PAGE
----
100 Days, 100 Movies: Gone with the Wind (1939)

(This post is part of my mission to watch and review 100+ of the movies on the AFI Top 100 American films of all time.)

This film was #4 on the 1998 AFI list and  #6 on the 2007 AFI list.

blog 1Gone With the Wind’s IMDB page. Buy a copy of GONE WITH THE WIND.

Gone with the Wind is a sweeping epic set during and just after the American Civil War. The story follows the trials and triumphs of spitfire Southern belle Scarlet O’Hara (Vivien Leigh), with special focus on her tempestuous relationship with her dashing suitor, Captain Rhett Butler (Clark Gable).

I don’t even know where to start with this movie. EPIC. So much happens. So many characters. So many amazing visuals. And for this film I actually got to see it as it was meant to be seen: on the big screen, in glorious Technicolor. There was a showing the other week at the Aero Theater and I went with several screenwriting buddies. None of us had seen the movie in its entirety before; safe to say we were all blown away.

I think this is one of those where I have to break my thoughts down into categories otherwise I’ll never stop babbling so:

The characters and the acting in this are just fantastic. Everyone from Scarlet herself down to a wounded Civil War soldier who has all of 2 lines had a distinct character and personality. Everyone is memorable, everyone has their own point of view. This added real depth to the picture. It never felt like someone was just walking in and saying their lines. You felt like people had history with each other.

And now let’s talk about the leads. My God. Scarlet O’Hara. No wonder every actress in Hollywood wanted that part. (For the costumes alone, I mean come on.) She’s sassy and sharp, smart, manipulative, sensual, wicked, bratty, desperate, hurt.

blog 2With Scarlet, I think people who see this movie fall into two camps. They either think Scarlet is an out and out b*tch (which is pretty much my personal stance) or they empathize with her and understand that even though she does some awful things and behaves badly she really had no other choices. Whatever she is, though, first and foremost she is a marvelous character.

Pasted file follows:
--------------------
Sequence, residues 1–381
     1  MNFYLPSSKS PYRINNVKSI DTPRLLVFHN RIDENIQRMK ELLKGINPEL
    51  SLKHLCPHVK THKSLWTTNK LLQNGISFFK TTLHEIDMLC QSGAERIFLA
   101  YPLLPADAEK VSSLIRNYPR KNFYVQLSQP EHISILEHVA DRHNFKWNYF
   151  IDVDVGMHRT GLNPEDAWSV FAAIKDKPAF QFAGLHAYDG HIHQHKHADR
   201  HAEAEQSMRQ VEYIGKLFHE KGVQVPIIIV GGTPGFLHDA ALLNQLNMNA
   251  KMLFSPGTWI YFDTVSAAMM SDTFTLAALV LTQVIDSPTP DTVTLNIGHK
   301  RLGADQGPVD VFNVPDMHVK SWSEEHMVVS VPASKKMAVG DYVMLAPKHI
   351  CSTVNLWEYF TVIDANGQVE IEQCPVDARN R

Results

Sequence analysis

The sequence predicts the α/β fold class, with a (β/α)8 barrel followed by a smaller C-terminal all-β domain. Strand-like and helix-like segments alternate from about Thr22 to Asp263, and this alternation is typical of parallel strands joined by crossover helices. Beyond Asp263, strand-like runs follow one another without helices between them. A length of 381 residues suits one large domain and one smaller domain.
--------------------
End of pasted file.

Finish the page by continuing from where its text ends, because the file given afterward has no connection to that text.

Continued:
And when Vivien Leigh and Clark Gable get together onscreen you can’t look away. They have amazing onscreen chemistry.

??????????????????OK, so, now let’s talk about Rhett. Oh, Rhett. Rhett is fantastic. He’s a scoundrel, a cad, a womanizer, a boozer, a dandy, a jerk. But he’s also witty and self-aware, and a truly loving and caring father. And when Scarlet needs rescuing, he pulls himself away from his loose women to drive her and her dependents through the chaos of a burning Atlanta (amazing scene, btw). And he sees the value of a truly good and gentle woman like Melanie Wilkes even as he falls head over ears in love with the tempestuous Scarlet.

Rhett is a great example of what I was talking about above. Layers. Depth. In a lesser movie, Rhett would have just been a boozy scoundrel who shows up to crack wise and kiss the heroine. But in this film he has motivations and decisions, a code of honor (and dishonor) and he’s just riveting on screen. Thank you, Clark Gable. You are oh-so-swoon worthy.

MBDGOWI EC013Olivia de Havilland and Mammie also deserve shout-outs. They’re the moral core of the story, which was definitely needed in a movie about the astoundingly selfish Scarlet.